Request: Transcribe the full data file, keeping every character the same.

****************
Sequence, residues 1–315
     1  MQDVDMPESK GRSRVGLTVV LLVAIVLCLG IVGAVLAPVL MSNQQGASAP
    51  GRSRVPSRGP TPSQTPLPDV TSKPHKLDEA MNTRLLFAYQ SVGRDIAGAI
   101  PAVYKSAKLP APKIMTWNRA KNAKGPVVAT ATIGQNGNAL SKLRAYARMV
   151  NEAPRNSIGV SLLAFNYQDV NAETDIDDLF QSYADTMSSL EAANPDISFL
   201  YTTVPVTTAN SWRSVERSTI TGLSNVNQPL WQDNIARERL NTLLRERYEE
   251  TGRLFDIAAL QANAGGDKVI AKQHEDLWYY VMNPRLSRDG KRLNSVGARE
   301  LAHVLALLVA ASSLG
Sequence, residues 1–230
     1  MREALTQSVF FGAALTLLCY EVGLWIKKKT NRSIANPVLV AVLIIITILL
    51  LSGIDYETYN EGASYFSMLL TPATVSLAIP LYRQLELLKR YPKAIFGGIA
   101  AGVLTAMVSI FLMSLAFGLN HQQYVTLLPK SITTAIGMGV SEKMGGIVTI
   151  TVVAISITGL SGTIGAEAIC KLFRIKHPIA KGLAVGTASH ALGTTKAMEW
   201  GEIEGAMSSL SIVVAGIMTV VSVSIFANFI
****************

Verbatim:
Sequence, residues 1–315
     1  MQDVDMPESK GRSRVGLTVV LLVAIVLCLG IVGAVLAPVL MSNQQGASAP
    51  GRSRVPSRGP TPSQTPLPDV TSKPHKLDEA MNTRLLFAYQ SVGRDIAGAI
   101  PAVYKSAKLP APKIMTWNRA KNAKGPVVAT ATIGQNGNAL SKLRAYARMV
   151  NEAPRNSIGV SLLAFNYQDV NAETDIDDLF QSYADTMSSL EAANPDISFL
   201  YTTVPVTTAN SWRSVERSTI TGLSNVNQPL WQDNIARERL NTLLRERYEE
   251  TGRLFDIAAL QANAGGDKVI AKQHEDLWYY VMNPRLSRDG KRLNSVGARE
   301  LAHVLALLVA ASSLG
Sequence, residues 1–230
     1  MREALTQSVF FGAALTLLCY EVGLWIKKKT NRSIANPVLV AVLIIITILL
    51  LSGIDYETYN EGASYFSMLL TPATVSLAIP LYRQLELLKR YPKAIFGGIA
   101  AGVLTAMVSI FLMSLAFGLN HQQYVTLLPK SITTAIGMGV SEKMGGIVTI
   151  TVVAISITGL SGTIGAEAIC KLFRIKHPIA KGLAVGTASH ALGTTKAMEW
   201  GEIEGAMSSL SIVVAGIMTV VSVSIFANFI